circle. Connecting these two points generates a perfect east-west line. From this line a north-south line can
be constructed using simple geometric procedures. This system works at any latitude and at any time of
year. On every occasion where this technique has been used the procedure has concluded with some
unusual or unexpected natural event, usually involving birds.
If one were to construct an equilateral triangle with one hundred mile sides, one might
locate the three apexes and place a marker on the ground at each apex. This would
establish the presence of a triangle. To make its presence somewhat stronger, one might
place more information at each point. For example, instead of a single marker one could
position several markers to form two lines, sixty degrees apart, each of which pointed to
an adjacent apex. Now directional lines from two other points would also locate the
position of all three apexes of the triangle. To still further increase the strength and
presence of the triangle one might add to each directional line, additional information
about its length. This could be done if the line were made of a series of markers whose
precise placements predict an end point one hundred miles away. Finally, one might
choose to replace markers with more relevant and energetic sculptural objects, perhaps
specially made equilateral triangles. This would insure that the parts used to generate
the whole, are not different from the whole and, in themselves tend to generate the
The principles involved in the construction of “energetically linked objects” are
consistent with the function of certain Buddhist and Vedic temples built as residing
places for specific deities, impulses of cosmic intelligence or laws of Nature. Even twodimensional
renderings of the ground plans of these temples reveal a resonant,
waveform structure. Such structures were made as physical expressions of precise
fields, translated by means of ratio, proportion and rhythm. They are three-dimensional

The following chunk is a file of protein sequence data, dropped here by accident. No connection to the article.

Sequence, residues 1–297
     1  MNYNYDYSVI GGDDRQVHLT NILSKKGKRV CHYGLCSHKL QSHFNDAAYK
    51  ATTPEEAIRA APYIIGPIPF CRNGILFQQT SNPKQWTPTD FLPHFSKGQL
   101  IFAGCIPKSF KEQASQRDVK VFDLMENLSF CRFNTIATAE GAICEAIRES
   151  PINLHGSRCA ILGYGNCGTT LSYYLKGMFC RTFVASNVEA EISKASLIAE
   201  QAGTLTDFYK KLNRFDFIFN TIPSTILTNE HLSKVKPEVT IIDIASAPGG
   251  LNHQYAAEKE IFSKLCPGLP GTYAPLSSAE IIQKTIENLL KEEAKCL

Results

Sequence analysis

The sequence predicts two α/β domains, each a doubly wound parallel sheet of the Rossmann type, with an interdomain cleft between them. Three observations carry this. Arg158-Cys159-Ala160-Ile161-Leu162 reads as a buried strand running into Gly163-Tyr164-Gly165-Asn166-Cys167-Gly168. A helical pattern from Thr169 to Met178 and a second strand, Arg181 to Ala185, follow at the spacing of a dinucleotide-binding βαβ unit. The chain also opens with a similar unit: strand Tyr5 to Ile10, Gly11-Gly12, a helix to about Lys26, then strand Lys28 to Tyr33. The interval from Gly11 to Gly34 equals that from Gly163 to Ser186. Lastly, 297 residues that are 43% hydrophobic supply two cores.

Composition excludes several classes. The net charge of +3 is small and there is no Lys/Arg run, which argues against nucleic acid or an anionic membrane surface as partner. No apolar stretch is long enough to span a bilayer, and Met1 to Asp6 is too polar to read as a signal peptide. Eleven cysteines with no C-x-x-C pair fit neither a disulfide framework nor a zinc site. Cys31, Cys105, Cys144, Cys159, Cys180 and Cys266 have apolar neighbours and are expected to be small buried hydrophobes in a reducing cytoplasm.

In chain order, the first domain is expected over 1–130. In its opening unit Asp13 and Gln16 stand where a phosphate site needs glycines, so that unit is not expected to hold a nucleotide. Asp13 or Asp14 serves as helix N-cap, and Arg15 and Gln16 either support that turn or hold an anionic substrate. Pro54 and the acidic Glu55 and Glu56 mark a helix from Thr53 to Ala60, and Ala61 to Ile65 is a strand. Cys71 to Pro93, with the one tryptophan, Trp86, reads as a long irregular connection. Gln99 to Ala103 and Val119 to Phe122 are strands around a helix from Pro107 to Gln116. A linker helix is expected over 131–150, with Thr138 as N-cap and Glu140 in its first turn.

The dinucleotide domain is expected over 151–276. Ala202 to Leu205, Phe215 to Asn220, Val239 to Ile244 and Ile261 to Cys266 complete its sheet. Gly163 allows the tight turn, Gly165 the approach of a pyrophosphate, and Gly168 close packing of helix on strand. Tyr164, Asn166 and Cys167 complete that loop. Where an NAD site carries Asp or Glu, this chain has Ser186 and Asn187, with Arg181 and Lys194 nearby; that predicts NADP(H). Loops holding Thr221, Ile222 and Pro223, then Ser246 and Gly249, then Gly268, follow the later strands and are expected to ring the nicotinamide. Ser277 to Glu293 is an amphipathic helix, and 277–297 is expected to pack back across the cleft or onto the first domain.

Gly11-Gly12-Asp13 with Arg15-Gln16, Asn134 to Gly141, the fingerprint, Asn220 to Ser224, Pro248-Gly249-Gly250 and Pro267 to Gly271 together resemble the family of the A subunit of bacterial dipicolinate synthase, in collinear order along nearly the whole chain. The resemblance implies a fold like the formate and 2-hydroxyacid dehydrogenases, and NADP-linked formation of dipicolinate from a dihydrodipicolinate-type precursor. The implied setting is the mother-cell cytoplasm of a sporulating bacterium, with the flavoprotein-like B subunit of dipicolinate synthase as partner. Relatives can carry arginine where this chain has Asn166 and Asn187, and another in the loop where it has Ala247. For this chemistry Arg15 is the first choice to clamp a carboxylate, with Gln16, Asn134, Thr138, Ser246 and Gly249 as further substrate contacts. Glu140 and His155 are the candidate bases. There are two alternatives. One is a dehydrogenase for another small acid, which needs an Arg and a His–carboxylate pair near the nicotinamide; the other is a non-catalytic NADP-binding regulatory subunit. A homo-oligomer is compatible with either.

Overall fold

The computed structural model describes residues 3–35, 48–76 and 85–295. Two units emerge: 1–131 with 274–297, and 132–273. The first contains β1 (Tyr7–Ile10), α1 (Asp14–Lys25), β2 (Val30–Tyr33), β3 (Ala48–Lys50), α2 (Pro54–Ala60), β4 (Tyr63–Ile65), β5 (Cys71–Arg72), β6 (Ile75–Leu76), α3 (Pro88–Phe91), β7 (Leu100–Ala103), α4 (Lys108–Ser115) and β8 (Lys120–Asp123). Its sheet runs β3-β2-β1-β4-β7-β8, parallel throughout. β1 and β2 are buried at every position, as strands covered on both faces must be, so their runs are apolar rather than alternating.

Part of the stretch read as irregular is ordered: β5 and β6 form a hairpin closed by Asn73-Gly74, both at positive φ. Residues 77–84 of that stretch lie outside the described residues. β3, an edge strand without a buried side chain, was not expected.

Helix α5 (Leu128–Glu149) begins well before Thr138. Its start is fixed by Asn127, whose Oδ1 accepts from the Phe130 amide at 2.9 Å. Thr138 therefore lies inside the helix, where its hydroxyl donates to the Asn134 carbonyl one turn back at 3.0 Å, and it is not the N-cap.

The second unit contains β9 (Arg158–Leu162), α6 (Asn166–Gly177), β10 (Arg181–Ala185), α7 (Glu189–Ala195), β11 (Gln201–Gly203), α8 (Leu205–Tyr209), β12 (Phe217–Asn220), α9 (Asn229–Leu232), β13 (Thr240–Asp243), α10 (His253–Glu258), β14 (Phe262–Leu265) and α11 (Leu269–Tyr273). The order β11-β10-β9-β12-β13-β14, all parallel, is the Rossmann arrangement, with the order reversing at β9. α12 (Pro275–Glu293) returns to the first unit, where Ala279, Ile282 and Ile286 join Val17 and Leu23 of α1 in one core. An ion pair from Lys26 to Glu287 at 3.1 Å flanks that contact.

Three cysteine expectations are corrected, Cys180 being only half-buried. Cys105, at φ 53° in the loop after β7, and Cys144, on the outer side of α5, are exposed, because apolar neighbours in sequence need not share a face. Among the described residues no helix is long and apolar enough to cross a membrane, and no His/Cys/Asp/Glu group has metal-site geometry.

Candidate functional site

forms that correspond to the sound frequency of the impulse of cosmic intelligence. In
fact, the esthetic of these structures is deeply bound to the requirements of translating
”name” or sound into form. When the resultant form is that of an oscillating, resonant
structure, then the appropriate impulse of intelligence is enlivened or generated by that
space. The component of human consciousness, directed through appropriate worship
and ritual within that space, further amplifies the field. The stronger the field, the more
it fulfills its role, creating balance in the local environment and in the cosmic ecology.
The Capitol Design covers roughly eighteen thousand square miles. By using USGS
1:2400 topographic maps and Global Positioning System devices, we expanded and
contracted the scale of the design, keeping the State Capitol Building in the exact center
and maintaining the precise east/west orientation, until all key nine points were located
on agricultural land.
I still had to design and make the “energetically linked objects” that would be located at
the key points and determine a way to integrate those objects into the landscape without
their being considered an interference by farmers or others who use the land. These
design challenges were taken up in several subsequent projects.4
XII 1994 Forest Preserve Planting (Fig. 30)
In the early spring of 1994, a series of projects arose that provided opportunities to begin
research for the Iowa Capitol Design Project. The first was a commission for the design
4 The Iowa Capitol project has not been completed due to lack of funds but much of what was learned is
being applied to similar projects in California and India.
of a forest preserve planting. The design of the Durga Yantra was used. It was precisely
laid out with conventional surveying techniques. Planting about 5000 tree seedlings of